As an example consider the motion compensation applied to a perfusion data set of a patient considered clin- ically to have a stress perfusion defect that was acquired free breathing. First-pass contrast-enhanced myocardial perfusion imaging data sets were acquired and pro- cessed for one subjects under clinical research proto- cols approved by the Institutional Review Boards of the National Heart, Lung, and Blood Institute and Suburban Hospital. The patients provided written informed con- sent, and the analysis was approved by the NIH Office of Human Subject Research. Images were taken in 60 time steps for three slices (at the base, mid, and apical level). The first two time steps comprise proton density weighted images that may be used for intensity inhomo- geneity correction (see, e.g., ); however, this intensity correction is not considered here. The remaining slices were acquired by using the SR-FLASH protocol. An exam- ple of the different time steps at the base level is given in Figure 5.
lished. In general, these correspondences can be obtained either by using marker and markerless-based approaches. In the marked-based AR, one or more cam- eras are employed to automatically detect and recognize a specific known pattern (i.e., fiducial markers) and use computer vision and geometrical transformations to estimate the relative positions of the markers with respect to the observer. On the other hand, some mark- erless methods implement automatic detection and matching of local features to create a set of 3D-2D corre- spondences for pose estimation. The literature on local features detectors is extensive. Luckily, there are inter- esting comparative studies on some of the best-known algorithms  . Other markerless methods use informa-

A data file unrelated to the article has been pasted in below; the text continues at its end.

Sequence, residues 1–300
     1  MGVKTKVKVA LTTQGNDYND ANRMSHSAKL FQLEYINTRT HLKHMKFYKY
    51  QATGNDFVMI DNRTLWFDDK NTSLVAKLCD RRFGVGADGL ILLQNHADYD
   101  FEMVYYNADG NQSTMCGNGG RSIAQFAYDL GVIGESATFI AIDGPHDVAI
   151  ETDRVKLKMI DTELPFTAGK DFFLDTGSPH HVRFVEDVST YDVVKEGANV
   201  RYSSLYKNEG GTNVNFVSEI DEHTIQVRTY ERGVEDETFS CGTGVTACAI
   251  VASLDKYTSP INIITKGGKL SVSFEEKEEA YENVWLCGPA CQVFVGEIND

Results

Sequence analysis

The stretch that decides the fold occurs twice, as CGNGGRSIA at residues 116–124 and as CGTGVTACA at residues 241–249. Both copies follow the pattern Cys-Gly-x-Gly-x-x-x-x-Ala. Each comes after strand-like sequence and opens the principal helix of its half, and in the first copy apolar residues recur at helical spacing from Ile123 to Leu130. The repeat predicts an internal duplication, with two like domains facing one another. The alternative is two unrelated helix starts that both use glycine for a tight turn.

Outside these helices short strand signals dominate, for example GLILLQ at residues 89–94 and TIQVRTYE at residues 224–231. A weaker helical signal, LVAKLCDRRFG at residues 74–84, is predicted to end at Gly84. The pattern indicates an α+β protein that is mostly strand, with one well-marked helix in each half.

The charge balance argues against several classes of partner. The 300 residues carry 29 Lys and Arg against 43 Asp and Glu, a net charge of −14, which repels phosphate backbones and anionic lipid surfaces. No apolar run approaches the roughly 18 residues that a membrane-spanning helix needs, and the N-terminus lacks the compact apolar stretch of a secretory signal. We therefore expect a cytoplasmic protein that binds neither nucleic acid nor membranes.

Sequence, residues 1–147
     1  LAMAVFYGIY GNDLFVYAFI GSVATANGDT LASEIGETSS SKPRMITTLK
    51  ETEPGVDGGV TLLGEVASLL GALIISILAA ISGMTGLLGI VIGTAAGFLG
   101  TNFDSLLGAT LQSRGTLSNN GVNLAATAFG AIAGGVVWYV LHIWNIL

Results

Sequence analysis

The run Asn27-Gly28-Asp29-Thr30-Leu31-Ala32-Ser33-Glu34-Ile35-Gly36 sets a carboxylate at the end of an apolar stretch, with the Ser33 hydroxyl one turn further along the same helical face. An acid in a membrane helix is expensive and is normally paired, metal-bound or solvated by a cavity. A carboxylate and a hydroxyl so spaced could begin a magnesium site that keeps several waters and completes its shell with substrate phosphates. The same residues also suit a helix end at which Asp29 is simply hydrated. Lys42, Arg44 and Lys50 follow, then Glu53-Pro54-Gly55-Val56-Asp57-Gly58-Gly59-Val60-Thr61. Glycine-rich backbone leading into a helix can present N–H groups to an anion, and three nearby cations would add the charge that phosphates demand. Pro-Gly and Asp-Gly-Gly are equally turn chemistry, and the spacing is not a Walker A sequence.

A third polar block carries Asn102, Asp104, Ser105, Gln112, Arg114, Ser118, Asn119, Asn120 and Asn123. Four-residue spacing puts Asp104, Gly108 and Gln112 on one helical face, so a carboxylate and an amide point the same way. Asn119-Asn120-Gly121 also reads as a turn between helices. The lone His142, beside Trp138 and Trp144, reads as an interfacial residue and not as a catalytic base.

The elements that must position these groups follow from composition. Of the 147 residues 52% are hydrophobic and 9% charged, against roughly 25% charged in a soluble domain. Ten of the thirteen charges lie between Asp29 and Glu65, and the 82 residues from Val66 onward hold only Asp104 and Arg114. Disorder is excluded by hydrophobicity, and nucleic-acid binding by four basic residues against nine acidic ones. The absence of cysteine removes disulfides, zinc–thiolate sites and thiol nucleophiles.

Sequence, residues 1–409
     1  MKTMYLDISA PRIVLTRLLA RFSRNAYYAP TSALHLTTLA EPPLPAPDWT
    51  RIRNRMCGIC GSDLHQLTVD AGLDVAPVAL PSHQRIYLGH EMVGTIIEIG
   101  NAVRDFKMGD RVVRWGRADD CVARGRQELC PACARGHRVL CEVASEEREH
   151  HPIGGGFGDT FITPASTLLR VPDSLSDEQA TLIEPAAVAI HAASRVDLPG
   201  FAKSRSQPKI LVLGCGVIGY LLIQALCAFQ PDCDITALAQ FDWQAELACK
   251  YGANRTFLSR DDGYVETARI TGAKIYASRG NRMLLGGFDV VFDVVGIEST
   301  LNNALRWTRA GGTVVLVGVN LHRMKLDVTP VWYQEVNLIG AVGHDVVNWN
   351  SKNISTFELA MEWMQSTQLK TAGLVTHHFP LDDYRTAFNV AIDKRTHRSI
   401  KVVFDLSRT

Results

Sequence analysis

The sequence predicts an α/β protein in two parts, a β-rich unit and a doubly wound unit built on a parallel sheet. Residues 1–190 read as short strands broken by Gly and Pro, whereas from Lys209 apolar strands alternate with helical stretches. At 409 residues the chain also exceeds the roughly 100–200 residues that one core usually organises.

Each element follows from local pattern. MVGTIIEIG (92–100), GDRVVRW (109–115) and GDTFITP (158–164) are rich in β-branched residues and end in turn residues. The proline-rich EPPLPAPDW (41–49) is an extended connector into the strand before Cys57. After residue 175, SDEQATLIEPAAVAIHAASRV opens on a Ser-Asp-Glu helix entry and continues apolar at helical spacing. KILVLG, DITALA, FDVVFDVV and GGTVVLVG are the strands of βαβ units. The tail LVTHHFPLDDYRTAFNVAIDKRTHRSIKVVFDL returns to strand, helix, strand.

Therefore, the communication of positive aspects of the companies –among them, the generation of CSR policies as the essence of the business– will have impli- cations for brands, since these are valued by users accor- ding to the actions communicated and complied with. Thus an intangible value on the reputation of the com- pany and its brands is generated, an effect which can be reached through a social transformation (Castaño, 2011). In fact, by communicating CSR, an experience of corporate identity is built in people that influences the value attributed to the brand and the intent of pur- chase (David, Line & Dai, 2005). Also, in research by Dopico, Rodríguez and González (2014) and by Enda- cott (2004) it is evidenced how the perception and decisions of consumer are substantially influenced by the journalistic treatment given to corporate actions.
T HE purpose of this paper is to analyze the attacks problem on encrypted file images. Such attacks may be in communication or storage, and are important in the context of real-time decisions . That is, when an encrypted message is damaged – by attack or not – and then is decrypted the risk is not knowing the original message and sometimes there is not much time to decide what was the original file, say, less time than to ask for it again. So, the first point is to realize animage encryption with quality. In this sense, there are different image encryption works: there are some recent methods using the Hilbert transform , other Chaos ,  and Hyper-chaos  or even AES cryptosystem  with CBC mode encryption , although in this latter case the encryption process is sequential. In the Hilbert transform and Chaos cases, there is the difficulty of not knowing specifically, the size of the keys set. In the case of Hyper-chaos, the keys set is 2 167 and only the brute force
Vertical Edge extract vertical edges in animage by highlighting pixels with significant intensity differences from those to the left and right of it. It produces animage with just its vertical edges visible against a flat background. Vertical Edge filtering is used when vertical features need to be extracted from animage. You can select suitable edge detectors for different images.